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Campbell (CPB) Gains on Portfolio Refinement Amid Cost Woes

Zacks Equity Research

A focus on the snacks business and portfolio refinement efforts have kept Campbell Soup Company CPB on firm grounds amid escalated costs and weak U.S. soup sales. Notably, this renowned convenience foods provider’s shares have surged as much as 48% in a year, easily crushing the industry’s growth of 17.3%.

Let’s delve deeper.

Snacks Unit Strong

Campbell has been committed to shifting its overall portfolio toward the fast-growing snacks category, which is expected to form about half of its proforma sales in the future. Markedly, it acquired Snyder's-Lance in the third quarter of fiscal 2018, which is enhancing the performance of the snacking business. Markedly, the company’s snacks segment sales went up 2% to $989 million in first-quarter fiscal 2020. The segment gained from advancements in Pepperidge Farm cookies, Kettle Brand potato chips, Goldfish crackers, Cape Cod and fresh bakery products. Management expects the brands under the snacking category to continue boosting performance, backed by enhanced marketing and innovation.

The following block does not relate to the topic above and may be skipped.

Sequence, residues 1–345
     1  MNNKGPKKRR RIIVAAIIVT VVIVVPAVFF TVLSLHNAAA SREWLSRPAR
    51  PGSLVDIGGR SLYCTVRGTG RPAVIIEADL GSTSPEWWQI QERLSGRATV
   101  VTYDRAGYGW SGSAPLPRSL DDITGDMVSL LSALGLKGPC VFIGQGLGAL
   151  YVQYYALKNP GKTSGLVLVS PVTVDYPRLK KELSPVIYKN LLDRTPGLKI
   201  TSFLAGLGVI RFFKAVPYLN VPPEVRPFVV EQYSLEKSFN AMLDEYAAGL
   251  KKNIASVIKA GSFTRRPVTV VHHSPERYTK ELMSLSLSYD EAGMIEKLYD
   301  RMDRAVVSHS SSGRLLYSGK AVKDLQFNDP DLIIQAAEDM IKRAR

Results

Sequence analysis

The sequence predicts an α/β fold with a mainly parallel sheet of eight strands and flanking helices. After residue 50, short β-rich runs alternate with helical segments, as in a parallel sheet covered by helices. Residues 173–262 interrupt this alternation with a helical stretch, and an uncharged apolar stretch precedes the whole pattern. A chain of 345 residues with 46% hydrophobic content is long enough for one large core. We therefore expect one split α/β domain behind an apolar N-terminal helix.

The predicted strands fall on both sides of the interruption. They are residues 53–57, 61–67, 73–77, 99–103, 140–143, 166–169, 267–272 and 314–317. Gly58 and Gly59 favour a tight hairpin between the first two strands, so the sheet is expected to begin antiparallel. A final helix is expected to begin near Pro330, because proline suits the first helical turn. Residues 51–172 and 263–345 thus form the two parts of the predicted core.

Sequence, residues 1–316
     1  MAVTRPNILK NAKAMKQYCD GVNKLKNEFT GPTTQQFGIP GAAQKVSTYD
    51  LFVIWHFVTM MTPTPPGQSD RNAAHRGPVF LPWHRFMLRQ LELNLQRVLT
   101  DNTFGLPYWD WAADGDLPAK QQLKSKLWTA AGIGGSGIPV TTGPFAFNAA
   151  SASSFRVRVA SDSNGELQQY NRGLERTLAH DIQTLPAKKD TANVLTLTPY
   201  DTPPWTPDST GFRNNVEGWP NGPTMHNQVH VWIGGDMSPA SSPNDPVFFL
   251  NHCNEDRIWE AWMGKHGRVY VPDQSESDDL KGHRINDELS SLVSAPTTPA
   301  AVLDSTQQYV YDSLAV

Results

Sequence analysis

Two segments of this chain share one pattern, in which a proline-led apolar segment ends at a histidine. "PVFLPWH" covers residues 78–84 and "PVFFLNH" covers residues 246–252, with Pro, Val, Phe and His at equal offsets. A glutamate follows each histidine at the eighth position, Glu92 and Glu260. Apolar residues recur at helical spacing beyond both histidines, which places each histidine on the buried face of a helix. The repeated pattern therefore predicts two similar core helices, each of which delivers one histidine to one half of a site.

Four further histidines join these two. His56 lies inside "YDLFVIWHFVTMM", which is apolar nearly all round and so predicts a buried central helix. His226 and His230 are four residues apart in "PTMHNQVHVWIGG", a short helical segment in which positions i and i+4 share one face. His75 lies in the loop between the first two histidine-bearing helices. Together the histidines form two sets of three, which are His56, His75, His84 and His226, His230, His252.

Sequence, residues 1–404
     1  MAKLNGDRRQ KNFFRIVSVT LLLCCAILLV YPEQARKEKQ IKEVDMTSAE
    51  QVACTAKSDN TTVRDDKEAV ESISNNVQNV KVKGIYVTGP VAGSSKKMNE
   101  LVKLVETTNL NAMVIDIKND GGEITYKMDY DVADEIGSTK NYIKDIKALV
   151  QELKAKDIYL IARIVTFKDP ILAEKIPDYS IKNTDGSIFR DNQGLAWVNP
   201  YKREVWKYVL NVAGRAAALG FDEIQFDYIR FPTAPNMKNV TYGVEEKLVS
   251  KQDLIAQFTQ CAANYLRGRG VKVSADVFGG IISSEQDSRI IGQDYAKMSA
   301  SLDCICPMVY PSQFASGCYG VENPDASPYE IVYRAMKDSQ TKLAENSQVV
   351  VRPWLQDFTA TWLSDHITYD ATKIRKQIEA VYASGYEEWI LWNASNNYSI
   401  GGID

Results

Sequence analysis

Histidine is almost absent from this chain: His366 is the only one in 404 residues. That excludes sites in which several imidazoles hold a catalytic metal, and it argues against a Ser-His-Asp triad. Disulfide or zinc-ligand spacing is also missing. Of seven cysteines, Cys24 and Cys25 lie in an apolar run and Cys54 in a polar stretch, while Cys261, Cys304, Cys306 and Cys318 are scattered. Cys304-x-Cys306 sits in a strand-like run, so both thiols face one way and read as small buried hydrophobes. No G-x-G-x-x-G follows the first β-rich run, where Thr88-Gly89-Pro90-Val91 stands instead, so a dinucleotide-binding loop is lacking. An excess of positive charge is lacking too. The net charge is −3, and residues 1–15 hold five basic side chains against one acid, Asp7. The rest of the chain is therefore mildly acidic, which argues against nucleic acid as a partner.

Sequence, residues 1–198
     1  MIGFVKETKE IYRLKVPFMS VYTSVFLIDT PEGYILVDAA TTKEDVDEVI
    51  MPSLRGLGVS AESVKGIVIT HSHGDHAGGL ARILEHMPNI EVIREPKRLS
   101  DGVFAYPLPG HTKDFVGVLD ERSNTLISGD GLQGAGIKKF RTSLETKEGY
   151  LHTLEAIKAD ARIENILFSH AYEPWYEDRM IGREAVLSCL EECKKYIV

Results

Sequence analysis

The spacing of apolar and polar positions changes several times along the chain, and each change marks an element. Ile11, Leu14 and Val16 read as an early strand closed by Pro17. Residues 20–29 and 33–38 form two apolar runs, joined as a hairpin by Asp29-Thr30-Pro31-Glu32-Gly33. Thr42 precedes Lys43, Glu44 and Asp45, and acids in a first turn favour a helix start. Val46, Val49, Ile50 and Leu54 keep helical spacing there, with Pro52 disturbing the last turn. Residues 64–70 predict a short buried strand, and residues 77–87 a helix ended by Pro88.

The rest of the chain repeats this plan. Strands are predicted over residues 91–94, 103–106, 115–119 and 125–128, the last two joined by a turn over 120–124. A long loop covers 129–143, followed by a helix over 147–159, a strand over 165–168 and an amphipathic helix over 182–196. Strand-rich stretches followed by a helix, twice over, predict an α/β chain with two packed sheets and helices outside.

Portfolio Refinement on Track

Campbell has been undertaking several actions to better focus on areas with greater potential, which includes its key North American business. Keeping in these lines, the company concluded the sale of Arnott’s and certain International operations to a New York-based private equity firm, KKR (KKR), last month. Further, it offloaded Campbell Fresh in fiscal 2019 and Kelsen Group on Sep 23. Additionally, the company divested its European chips business in October. These actions, which were part of its portfolio review and Board-led strategy, will help the company increase focus on the core North American market.

Will Hurdles be Countered?

Also, it is likely to help Campbell improve its sales scenario. Campbell’s net sales dropped 1% to $2,183 million in the first quarter of fiscal 2020 due to softness in the Meals & Beverages unit. Sales in this segment were marred by unfavorable timing of U.S. soup shipments. Notably, U.S. soup sales declined 3% due to adverse movements in retailer inventory levels across broth and condensed soups.

Apart from this, Campbell has been battling input cost inflation from escalated prices of steel cans along with vegetable and flower costs, among others. Management earlier stated that it expects overall cost inflation of nearly 3% in 2020, which is likely to affect profits.  Nevertheless, Campbell’s focus on supply-chain efficiencies along with curtailing costs and reinvesting part of these savings in areas with high growth potential is likely to drive growth. During the last earnings call, the company stated that it had generated savings of $605 million from its multi-year, cost-saving program.

All said, we expect this Zacks Rank #3 (Hold) stock to maintain momentum on the back of the aforementioned growth initiatives.

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